The Center for Teaching Excellence and Innovation (CTEI) offers one-on-one consultations with faculty, or tailored workshops for groups of faculty. A self-paced Moodle Training course, along with assistance with all elements of the Google Suite for Education, is also available. The Center is located on the second floor of Gramley Library. For more information, contact email@example.com via email, or 336-721-2747 by phone.
Step-by-step instructions for tasks in Moodle:
Adding math notation in Moodle:
Schedule an Online Meeting
While logged in to your Salem Google Account, go to Google Calendar and create a new meeting. Click on the drop-down menu under Add Guests and select "Google Meet."
Help & Tutorials
Resources for Securing Zoom Sessions
Follow these steps to access your Salem Zoom account:
To integrate zoom with Google Calendar and Chrome, download the Zoom Scheduler browser extension.
Brief video tutorials, each approximately 1 minute long:
Instruction & Learning
Liaison librarians can help with the following and more:
The library's electronic resources are available anywhere. When prompted to login, use your MySalem username and password. Do not include @salem.edu.
If you copy a database link from your Internet browser on Moodle, that link will eventually stop working because it is a dynamic, non-static link. To eliminate this problem, most database companies now offer persistent links for their articles. Persistent links (also known as persistent URLs) are stable links that will consistently take students to a particular full-text article in a library database. If the student is off campus she or he will be asked to authenticate themselves via Salem - they should use their MySalem username and password.
Do you have questions about copyright and how it impacts remote delivery of instruction?
Be proactive in communicating with your students. Even if your plans are not finalized, you can let them know changes are coming.
Share your expectations and tell students how to reach you. Be specific about times you are available and encourage students to stay engaged. Communicate proactively and let students know how quickly they can expect a response from you.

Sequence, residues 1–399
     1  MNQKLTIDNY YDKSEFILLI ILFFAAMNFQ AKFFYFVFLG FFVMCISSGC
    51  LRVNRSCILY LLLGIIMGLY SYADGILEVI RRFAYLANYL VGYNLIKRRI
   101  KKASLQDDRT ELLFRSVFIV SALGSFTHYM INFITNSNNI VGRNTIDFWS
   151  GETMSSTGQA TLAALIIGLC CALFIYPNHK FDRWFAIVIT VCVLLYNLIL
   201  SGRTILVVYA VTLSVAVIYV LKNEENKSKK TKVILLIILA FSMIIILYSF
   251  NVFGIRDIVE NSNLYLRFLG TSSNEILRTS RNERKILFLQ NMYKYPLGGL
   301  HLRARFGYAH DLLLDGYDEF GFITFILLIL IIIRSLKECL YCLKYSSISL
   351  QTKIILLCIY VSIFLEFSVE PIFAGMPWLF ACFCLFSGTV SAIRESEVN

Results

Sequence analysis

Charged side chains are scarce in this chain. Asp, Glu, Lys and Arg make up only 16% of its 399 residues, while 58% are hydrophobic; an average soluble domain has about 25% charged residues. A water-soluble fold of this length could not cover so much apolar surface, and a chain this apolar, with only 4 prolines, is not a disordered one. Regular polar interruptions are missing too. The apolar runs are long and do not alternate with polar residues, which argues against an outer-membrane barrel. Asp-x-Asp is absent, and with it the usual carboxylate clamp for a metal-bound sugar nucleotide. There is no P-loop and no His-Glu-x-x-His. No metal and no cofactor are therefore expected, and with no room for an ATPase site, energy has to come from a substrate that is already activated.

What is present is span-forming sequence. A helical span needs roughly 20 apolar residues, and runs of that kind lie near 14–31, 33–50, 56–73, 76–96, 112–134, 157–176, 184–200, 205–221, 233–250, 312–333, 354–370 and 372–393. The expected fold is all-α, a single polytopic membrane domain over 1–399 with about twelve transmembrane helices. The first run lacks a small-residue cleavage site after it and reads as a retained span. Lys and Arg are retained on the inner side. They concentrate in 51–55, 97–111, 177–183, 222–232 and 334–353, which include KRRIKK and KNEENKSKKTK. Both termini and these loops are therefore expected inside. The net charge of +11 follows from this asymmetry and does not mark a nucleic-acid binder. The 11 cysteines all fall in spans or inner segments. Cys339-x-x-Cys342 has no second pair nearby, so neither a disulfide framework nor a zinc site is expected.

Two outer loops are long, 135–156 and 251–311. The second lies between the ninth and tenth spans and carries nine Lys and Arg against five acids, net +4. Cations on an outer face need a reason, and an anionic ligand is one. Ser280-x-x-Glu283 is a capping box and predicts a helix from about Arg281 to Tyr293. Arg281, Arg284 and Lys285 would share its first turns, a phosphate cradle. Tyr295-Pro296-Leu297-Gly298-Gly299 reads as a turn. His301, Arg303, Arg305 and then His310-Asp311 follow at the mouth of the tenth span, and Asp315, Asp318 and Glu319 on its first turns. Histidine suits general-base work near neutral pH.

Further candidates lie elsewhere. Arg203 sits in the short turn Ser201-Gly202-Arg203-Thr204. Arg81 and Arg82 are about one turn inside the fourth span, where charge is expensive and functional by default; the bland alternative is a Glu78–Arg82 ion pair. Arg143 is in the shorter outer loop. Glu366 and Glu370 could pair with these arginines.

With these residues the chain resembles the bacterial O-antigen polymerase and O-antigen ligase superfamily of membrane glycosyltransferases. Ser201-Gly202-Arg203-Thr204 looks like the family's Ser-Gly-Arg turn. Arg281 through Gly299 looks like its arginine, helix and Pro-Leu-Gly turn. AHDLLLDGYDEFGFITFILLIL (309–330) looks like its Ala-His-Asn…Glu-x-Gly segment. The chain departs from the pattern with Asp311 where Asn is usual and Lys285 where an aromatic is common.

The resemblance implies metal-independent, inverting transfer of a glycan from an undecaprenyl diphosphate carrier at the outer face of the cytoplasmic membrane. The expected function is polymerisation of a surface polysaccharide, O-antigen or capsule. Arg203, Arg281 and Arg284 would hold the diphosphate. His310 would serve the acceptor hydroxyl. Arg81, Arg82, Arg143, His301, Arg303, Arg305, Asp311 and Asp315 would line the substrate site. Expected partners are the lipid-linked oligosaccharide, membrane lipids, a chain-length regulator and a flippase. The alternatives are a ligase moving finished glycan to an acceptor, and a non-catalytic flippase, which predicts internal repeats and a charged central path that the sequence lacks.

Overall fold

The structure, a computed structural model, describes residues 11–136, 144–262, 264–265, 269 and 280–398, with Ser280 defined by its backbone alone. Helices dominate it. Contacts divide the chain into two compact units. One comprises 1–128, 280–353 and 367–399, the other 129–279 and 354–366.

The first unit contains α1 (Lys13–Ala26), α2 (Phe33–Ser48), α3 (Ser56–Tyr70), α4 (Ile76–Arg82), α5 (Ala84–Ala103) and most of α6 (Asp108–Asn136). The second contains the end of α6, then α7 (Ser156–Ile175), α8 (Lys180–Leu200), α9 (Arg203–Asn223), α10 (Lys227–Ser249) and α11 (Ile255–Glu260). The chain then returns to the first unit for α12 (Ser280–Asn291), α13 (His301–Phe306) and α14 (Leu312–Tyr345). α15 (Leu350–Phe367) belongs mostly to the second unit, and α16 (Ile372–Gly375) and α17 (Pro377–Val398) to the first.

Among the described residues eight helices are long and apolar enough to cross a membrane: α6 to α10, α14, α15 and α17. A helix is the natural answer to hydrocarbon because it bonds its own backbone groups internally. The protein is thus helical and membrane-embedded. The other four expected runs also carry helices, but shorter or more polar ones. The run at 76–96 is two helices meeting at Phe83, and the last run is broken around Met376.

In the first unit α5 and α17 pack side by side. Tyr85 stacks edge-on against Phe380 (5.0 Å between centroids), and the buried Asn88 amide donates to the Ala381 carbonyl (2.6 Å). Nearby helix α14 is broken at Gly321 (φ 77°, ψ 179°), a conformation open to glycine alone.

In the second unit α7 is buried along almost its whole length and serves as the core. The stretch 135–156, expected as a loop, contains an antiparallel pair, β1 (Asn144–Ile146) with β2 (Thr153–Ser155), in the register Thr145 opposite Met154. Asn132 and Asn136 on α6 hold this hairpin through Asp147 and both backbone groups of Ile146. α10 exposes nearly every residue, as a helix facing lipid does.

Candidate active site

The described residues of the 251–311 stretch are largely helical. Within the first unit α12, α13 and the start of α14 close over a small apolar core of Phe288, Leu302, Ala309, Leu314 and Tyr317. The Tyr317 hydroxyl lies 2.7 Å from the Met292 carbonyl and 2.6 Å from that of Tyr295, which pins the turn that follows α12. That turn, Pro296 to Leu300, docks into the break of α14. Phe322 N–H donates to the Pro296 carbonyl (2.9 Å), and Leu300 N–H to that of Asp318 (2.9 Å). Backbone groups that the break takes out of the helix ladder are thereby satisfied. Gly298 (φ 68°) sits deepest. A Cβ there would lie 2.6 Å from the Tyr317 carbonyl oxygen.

Create a place for students to ask and answer questions. Make sure students know to contact you privately regarding personal or grade related questions. Here are some tools you can use:
Make yourself available to students virtually. Be sure to communicate your schedule and expectations. Questions to consider include: must students schedule ahead of time, and if so, is there a shared document where students can sign up? Google Hangouts Meet or Zoom are tools you can use. Here are some tips:
Flexibility is key when moving your course online quickly. Focus on your course goals and try to minimize the use of new tools.
Update your syllabus to include details of how the course will change if it becomes necessary to teach your course remotely. Consider what adjustments need to made (changes to assignments, due dates, goals, class schedule)
Here are some options for delivering content remotely:
Avoid introducing unnecessary new tools. Low-tech solutions are ok! If email works best for you, use it. Be sure to test any tool that you want to use before trying it with students.
Course accessibility is not only required, but it is also helpful to all students. For questions about accessibility issues, contact Ida Davis, the Director of Academic Support and Disability Services. Online resources include:
As you implement your plan, remember to be flexible and communicate often. If possible, use the applications that you have already been using in your course to maintain continuity.
Other tools may be used for assignments, but keep in mind that student records are restricted data and only approved platforms should be used. It is the responsibility of the instructor to keep student grades up to date so that these can be submitted at the end of the semester.